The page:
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Discrimination of complex tones with unresolved components using temporal fine structure information
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10.1121/1.3106135
/content/asa/journal/jasa/125/5/10.1121/1.3106135
http://aip.metastore.ingenta.com/content/asa/journal/jasa/125/5/10.1121/1.3106135

Figures

Image of FIG. 1.
FIG. 1.

Samples of waveforms of the harmonic (H) and inharmonic (I) stimuli after passing through a simulated auditory filter centered at 1000 Hz. The value of F0 was 100 Hz and the bandpass filter was centered at 1100 Hz . In the two top panels, the samples are from H tones. The lower-left and lower-right panels show samples from I tones with and 25 Hz, respectively. The times between peaks in the TFS close to adjacent envelope maxima are indicated. Note that the exact envelope shape and modulation depth depend on the random selection of starting phases, and vary from one tone to the next.

Image of FIG. 2.
FIG. 2.

Results of experiment 1, showing the value of the detectability index required to discriminate a frequency shift, , equal to 0.5F0, plotted on a square-root axis, as a function of the harmonic number, , on which the bandpass filter was centered. Each panel shows results for one F0. Open symbols indicate values significantly above zero, while filled symbols indicate values not significantly above zero. Error bars indicate standard deviations across subjects.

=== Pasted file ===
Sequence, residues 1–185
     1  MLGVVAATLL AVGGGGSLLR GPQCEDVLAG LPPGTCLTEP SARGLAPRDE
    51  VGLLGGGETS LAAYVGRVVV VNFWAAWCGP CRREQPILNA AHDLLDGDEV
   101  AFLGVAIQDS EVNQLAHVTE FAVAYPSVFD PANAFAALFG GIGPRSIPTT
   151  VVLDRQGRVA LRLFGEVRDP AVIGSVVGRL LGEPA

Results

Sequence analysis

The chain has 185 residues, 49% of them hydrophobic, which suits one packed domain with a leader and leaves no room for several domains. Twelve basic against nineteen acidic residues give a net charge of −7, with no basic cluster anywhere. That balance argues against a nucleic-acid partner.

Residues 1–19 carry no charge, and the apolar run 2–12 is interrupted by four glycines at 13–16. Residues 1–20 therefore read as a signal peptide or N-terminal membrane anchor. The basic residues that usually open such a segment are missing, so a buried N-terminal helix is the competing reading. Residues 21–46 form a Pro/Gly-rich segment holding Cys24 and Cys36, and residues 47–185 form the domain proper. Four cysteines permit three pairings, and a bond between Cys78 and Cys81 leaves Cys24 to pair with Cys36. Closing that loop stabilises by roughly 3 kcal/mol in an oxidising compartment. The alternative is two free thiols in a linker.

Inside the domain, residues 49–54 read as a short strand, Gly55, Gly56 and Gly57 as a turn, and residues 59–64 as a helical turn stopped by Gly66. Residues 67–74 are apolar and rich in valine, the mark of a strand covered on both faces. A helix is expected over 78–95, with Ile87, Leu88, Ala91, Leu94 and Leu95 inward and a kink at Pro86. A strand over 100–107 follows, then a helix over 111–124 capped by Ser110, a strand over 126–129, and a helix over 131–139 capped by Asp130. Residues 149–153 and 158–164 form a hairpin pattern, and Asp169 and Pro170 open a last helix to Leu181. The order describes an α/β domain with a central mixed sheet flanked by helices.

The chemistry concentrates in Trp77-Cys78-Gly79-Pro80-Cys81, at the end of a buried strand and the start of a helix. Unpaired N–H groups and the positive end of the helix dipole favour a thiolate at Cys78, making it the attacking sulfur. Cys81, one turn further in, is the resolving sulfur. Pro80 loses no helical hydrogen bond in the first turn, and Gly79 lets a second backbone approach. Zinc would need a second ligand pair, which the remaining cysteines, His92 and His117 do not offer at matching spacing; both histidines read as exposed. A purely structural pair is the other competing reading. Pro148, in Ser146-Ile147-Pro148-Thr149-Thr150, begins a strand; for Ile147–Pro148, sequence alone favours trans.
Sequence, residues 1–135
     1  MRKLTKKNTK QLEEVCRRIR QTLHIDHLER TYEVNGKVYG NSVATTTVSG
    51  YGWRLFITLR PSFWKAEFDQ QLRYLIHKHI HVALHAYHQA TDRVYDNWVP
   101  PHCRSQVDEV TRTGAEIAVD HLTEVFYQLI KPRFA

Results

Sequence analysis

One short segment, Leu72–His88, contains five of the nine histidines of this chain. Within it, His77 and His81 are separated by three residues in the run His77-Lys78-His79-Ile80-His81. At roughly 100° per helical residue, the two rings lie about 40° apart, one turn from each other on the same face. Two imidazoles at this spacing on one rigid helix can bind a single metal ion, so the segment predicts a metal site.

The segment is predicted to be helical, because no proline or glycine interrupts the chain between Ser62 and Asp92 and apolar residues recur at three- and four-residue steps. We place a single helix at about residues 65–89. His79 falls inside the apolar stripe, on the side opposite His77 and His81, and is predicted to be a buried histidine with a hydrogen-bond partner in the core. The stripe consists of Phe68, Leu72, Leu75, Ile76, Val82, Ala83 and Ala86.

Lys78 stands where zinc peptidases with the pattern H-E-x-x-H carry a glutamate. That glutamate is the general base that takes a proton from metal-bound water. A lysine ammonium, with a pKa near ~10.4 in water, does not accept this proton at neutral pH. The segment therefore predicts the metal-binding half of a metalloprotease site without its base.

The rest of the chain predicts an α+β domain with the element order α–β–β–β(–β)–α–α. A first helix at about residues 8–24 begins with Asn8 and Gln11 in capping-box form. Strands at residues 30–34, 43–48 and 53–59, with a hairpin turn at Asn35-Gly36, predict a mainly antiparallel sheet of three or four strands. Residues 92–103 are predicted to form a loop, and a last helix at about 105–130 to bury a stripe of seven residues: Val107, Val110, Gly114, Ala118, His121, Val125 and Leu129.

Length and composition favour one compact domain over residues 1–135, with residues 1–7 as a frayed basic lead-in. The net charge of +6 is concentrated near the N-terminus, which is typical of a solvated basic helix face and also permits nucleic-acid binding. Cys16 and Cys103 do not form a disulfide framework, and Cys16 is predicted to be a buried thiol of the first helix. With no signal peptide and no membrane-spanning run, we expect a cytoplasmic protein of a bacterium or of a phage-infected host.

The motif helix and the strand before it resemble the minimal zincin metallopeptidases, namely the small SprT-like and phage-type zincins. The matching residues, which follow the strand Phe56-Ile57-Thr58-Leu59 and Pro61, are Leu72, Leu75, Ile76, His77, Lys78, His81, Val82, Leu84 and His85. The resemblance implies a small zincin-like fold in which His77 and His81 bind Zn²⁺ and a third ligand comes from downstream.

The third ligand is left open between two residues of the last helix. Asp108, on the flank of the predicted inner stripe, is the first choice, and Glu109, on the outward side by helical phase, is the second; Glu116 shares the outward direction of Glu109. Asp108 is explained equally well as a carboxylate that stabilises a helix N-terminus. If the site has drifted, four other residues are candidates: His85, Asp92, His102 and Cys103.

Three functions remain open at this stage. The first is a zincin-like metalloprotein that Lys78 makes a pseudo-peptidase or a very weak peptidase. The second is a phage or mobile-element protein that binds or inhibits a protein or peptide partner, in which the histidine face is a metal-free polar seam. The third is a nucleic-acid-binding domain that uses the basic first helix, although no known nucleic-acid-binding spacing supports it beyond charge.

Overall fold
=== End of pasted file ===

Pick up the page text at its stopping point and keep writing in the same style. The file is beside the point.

Image of FIG. 3.
FIG. 3.

Results of experiment 2, showing F0 DLs as a function of the harmonic number, , on which the bandpass filter was centered. Each panel shows results for one F0. Open and filled symbols show F0 DLs for cosine- and random-phase stimuli, respectively. Error bars indicate standard deviations across subjects.

Image of FIG. 4.
FIG. 4.

Comparison of results for experiments 1 and 2. All scores were converted to Weber fractions for time-interval discrimination (see text for details). Weber fractions when only TFS cues were available (experiment 1) are shown by open squares. Weber fractions when both TFS and envelope cues were available (experiment 2) are shown by open circles (random-phase stimuli) and filled circles (cosine-phase stimuli). Weber fractions are plotted as a function of the harmonic number, , on which the bandpass filter was centered. Each panel shows results for one F0. Up-pointing arrows in the panel for indicate cases where performance was too poor for the Weber fraction to be determined.

Tables

Generic image for table
TABLE I.

Subject identifiers (1, 2, 3, and 4) of subjects who were unable to complete the adaptive procedure for each F0 and each .

Generic image for table
TABLE II.

Maximum differences in excitation level in decibels between the excitation patterns evoked by the H and I tones when the value of for the I tone was equal to the mean value required for threshold or to 0.5F0 (see text for details). The effect of the TEN background was included in the calculations.

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/content/asa/journal/jasa/125/5/10.1121/1.3106135
2009-05-01
2014-04-21
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752b84549af89a08dbdd7fdb8b9568b5 journal.articlezxybnytfddd
Scitation: Discrimination of complex tones with unresolved components using temporal fine structure information
http://aip.metastore.ingenta.com/content/asa/journal/jasa/125/5/10.1121/1.3106135
10.1121/1.3106135
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